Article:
There was an interesting point made though where festivals on the mainland are quite considerably cheaper, but then we are on an island and setting something up of this scale isn’t cheap when you consider the logistics involved in it all, this is certainly something that would need to be looked out for the future. Moving on from that though, if you take a look at prices on site with the likes of food and drink, again there isn’t much to complain about, especially considering the average prices of the Ibiza clubs! Your Mojito’s were €6, a soft drink €4 and water only €1! Not bad compared to a bottle of water in the big clubs at €8 +. Food was also reasonable at around €4-5 for your standard hot dogs and burgers. The fact you could leave the festival site and come back also reduces costs for the average attendee – allowing you to come in, see the act you want, then shoot back to the flat for a few drinks, and still be back in time for the next act you wanted to see. You can’t say fairer than that, can you?

I suspect there were huge issues to be tackled with the site alone, the politics of it all was quite complicated. The site is owned by the richest landowner in Ibiza, Abel Matutes, who also owns the likes of Ushuaïa. The guy has wanted to build apartments on the land for years, and there’s no denying it’s prime location for just that. But do we really need more apartments? Surely a multi-purpose festival/park site would be of more benefit to San Antonio as a whole, year round?

Working with the people who live and work on the island is an absolute must. Whilst the addition of the 20% discount for residents was an improvement, more consideration for their needs and wants would have seen many more locals attending the festival. Residents rates inside the festival, residents guestlists perhaps? It was clear much of the festival was geared up for tourists, something I’m sure will change for the future. Further on from this cooperation notion, many people would have liked to see stronger links with the clubbing brands that so many people know this island for. It was initially said that there would be a VIP section hosted by each major club, like Pacha, Space, Amnesia, etc. Whilst some areas were hosted by clubs, there was no branding to suggest that, and so unless you had paid the cost to indulge in said VIP treatment, people were none the wiser. The festival should be here to promote Ibiza as an island, for its music, and the clubs that support it all, much like a continuation of the IMS conference at the start of the season. The IMS conference should prove as a positive example of working with the rest of the island - the entry ticket to the conference provided the opportunity for attendees to go to the conference in the day, seeing what they wanted, when they wanted, then take in one of the afterparties at the likes of Dalt Villa, Pacha, Bubbles (etc) for free! Perhaps those coming to Ibiza 123 could get combo tickets allowing entry to a major club that has hosted a space at the festival? Much of this is possible and would make sense considering the same players that run IMS are those behind Ibiza 123. The simple fact is that the clubs hold so much power on the island, that any other event is never going to truly succeed without their support. Further on that, more effort should be put into promoting the festival outside of the island. Thousands descended on Ibiza for the Radio 1 Weekend just gone, why can’t this be the case for Ibiza 123?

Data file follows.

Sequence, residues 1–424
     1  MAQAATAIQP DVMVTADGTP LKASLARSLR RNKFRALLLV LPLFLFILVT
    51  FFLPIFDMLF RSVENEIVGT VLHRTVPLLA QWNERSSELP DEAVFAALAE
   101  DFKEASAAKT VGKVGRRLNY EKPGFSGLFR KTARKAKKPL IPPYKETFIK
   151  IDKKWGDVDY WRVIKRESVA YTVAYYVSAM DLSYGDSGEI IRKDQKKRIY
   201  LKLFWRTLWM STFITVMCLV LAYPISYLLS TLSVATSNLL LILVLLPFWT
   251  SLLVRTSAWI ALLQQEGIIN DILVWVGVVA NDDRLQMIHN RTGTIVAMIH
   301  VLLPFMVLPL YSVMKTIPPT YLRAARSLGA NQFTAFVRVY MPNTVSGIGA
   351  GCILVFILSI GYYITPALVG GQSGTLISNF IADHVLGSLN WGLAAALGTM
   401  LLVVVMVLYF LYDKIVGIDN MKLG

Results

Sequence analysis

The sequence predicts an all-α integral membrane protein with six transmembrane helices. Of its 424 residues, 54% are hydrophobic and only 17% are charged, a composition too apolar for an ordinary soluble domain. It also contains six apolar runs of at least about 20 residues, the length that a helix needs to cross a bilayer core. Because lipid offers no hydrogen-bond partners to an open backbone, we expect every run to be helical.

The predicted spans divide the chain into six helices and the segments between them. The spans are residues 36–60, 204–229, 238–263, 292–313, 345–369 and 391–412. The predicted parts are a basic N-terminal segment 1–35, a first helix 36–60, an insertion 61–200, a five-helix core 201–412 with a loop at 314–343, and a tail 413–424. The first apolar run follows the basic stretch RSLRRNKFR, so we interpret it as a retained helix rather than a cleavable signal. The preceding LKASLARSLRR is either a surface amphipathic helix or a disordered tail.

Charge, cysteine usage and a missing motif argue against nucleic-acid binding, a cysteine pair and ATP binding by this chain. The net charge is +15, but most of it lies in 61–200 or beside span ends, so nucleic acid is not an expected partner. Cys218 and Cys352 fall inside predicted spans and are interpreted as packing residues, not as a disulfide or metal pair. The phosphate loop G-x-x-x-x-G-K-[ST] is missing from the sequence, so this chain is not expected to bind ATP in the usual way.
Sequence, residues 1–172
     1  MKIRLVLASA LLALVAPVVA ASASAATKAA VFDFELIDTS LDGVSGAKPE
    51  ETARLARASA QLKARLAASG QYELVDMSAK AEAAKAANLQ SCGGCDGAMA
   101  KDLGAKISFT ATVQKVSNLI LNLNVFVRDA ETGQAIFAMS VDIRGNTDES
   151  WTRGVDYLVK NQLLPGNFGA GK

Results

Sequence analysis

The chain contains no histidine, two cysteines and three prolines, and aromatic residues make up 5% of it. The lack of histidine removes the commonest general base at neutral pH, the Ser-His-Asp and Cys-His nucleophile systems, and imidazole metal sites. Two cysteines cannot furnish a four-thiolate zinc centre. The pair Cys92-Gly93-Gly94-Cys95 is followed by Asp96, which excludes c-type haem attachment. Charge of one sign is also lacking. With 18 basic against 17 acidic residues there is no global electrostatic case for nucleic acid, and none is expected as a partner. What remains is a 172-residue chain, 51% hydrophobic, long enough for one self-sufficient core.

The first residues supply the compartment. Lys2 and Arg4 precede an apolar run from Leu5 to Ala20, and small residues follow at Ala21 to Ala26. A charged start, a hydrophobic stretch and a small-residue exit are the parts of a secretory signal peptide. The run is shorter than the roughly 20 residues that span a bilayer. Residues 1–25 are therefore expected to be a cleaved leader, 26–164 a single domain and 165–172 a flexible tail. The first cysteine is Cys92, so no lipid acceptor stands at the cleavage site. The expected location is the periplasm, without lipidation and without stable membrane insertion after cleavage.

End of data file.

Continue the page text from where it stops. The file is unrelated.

Taking in to account the daily routine of the standard visitor to Ibiza, it was always asking a bit much for the festival to start at 12pm, and again with the closing time of 12:30am – it is far too early. I suspect attendance numbers would have considerably higher had they started the festival at mid to late afternoon and had it finish at say 3am, like it did on the first day to leave time for the Euro 2012 Final between Spain and Italy being shown on the big screens. You know, asking people to rock up at midday to see T.E.E.D. on the main stage, playing to quite a small amount of people, was asking a bit much considering the heat at that time. When security are being forced to hose down the crowd in an amusing attempt to keep them cool (but mostly soak the girls I suspect) you know something needs changing.

Many of these issues that I have brought up are easily changed for the festival of 2013 and (hopefully) beyond. Nothing is confirmed in terms of this happening however, with the only inkling that we will see the festival back next year coming from an interview with Pino Sagliocco on the first day of the festival. He said that he had an agreement with the Mayoress for use of the land for the next 3 years (the same amount of time the Mayoress is in office). It will be interesting to see if the passion, and financial backing, is still there and strong enough to pull it all off again. I really do hope this isn’t the end before it all started.